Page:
Ed Ring at EcoWorld goes around a few numbers.

There are going to eventually be not quite 10.0 billion people living on earth.

Currently in the U.S., each person consumes about 350 million BTUs of energy per year. In the European Union each person consumes about 250 million BTUs of energy per year. If there were 10 billion people on earth, each consuming on average only 100 million BTUs of energy per year, we would still have to double energy production on the planet, from 500 quadrillion BTUs per year to 1,000 quadrillion BTUs per year.

The point remains inescapable – energy production worldwide is going to need to increase significantly.

He continues:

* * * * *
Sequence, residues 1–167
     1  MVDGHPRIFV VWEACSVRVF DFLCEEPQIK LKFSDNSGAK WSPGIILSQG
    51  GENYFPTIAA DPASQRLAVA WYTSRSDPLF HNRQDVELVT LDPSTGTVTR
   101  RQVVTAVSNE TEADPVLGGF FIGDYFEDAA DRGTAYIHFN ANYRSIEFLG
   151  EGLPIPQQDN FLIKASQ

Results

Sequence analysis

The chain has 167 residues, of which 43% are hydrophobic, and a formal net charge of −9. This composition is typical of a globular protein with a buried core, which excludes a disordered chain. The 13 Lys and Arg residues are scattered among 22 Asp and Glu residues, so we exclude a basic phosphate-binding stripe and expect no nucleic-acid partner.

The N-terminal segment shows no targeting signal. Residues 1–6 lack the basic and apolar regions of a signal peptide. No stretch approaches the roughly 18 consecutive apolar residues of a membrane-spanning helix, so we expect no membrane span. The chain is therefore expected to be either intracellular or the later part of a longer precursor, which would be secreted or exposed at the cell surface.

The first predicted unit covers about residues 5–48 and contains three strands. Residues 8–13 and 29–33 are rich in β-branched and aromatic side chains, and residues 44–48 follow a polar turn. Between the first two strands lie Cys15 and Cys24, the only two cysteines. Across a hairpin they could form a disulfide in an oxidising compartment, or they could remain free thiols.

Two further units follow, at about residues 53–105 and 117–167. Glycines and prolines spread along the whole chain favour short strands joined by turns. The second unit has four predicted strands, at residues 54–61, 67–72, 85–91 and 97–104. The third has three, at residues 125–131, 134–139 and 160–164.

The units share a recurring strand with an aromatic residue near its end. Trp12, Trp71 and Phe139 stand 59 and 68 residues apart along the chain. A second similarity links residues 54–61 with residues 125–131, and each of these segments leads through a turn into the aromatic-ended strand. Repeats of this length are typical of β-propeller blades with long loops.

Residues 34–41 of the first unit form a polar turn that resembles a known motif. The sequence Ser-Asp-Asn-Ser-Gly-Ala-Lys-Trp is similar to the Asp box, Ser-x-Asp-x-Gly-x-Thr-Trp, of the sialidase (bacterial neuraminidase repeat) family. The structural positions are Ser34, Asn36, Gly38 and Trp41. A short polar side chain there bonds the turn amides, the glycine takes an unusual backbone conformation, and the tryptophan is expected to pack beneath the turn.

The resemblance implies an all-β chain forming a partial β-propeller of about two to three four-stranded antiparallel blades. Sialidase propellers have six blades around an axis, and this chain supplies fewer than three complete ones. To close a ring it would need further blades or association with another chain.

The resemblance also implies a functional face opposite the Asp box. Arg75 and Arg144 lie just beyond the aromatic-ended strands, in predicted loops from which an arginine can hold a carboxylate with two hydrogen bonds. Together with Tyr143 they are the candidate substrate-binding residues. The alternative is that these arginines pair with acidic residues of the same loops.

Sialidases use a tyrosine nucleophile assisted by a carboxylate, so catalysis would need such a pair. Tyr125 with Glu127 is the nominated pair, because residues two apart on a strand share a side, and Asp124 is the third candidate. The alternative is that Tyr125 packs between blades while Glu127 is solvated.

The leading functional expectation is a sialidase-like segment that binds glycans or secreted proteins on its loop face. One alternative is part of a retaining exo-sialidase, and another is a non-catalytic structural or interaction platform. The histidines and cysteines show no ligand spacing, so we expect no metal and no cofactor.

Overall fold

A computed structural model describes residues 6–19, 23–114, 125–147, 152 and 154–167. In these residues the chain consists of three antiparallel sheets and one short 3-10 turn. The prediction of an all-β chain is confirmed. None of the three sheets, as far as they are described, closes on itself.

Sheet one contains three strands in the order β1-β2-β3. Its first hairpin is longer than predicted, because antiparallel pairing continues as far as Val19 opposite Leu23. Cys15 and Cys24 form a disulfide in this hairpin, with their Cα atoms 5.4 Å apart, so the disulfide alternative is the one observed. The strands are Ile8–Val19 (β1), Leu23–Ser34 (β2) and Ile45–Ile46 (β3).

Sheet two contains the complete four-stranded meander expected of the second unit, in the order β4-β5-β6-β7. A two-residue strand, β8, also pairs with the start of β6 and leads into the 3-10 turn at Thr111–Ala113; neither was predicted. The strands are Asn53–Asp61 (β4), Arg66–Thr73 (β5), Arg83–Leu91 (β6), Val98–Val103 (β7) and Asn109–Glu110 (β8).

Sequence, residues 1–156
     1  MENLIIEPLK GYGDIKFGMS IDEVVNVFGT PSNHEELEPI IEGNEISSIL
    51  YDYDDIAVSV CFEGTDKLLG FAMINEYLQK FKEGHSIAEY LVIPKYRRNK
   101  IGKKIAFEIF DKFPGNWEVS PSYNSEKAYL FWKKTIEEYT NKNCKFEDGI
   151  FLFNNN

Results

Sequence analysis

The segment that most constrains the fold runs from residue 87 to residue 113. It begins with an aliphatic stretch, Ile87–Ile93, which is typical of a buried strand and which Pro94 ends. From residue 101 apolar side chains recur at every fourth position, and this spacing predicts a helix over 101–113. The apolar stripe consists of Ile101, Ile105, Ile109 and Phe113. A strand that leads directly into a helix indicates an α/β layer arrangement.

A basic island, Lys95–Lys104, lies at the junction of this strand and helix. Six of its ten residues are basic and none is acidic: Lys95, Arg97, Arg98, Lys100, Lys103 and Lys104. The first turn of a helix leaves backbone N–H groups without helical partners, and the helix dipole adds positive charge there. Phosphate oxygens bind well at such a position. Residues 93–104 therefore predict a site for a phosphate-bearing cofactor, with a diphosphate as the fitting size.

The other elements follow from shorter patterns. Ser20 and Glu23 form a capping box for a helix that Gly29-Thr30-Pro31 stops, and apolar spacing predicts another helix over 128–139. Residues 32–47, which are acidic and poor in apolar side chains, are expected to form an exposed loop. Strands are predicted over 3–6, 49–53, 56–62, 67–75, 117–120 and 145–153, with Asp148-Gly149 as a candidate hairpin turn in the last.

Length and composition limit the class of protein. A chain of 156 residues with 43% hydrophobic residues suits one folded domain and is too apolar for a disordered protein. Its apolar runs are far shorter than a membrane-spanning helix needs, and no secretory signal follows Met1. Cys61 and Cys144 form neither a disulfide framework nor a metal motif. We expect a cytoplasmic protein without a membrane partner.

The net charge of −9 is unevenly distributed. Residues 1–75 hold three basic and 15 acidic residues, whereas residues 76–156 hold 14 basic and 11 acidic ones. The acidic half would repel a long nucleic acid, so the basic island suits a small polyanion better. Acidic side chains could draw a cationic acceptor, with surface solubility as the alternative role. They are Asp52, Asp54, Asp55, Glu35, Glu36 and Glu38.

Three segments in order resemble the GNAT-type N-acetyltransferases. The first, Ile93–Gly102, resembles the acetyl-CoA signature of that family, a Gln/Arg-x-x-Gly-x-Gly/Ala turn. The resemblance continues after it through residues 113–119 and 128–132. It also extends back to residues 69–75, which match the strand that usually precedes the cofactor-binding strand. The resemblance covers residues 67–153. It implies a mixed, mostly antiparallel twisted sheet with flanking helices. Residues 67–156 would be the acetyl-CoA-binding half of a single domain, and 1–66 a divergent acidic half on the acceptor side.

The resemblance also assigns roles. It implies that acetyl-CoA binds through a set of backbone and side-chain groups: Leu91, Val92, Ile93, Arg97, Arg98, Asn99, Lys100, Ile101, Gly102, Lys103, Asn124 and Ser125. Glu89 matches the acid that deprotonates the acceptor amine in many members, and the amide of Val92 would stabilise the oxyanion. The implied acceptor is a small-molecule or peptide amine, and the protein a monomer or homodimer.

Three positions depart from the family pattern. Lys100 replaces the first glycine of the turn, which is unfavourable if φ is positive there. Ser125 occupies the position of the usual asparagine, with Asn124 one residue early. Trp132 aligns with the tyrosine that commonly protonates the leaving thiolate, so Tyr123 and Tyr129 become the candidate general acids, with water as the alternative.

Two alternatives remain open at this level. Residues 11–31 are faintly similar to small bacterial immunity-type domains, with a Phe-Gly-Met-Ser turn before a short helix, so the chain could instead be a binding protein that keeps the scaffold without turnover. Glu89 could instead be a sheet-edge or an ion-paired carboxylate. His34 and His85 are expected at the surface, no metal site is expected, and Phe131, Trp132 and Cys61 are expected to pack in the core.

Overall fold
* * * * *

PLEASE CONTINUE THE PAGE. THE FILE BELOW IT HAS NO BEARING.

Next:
Our position is we should use those trillions to build roads, hospitals, power plants, reforestation, aquifer replenishment, and medical (and other scientific) research.

We should nurture free trade, free markets, and entrepreneurship.

We should deliver to humanity the universal prosperity that is the destiny of our generation.

Then by sometime between 2025 and 2050, we will have created economic abundance, we will have advanced technology, and we will be well positioned to handle whatever the climate may throw at us.

In other words, ecologically speaking, what’s the market for a 1,000 quadrillion divided by 10 billion by 2025?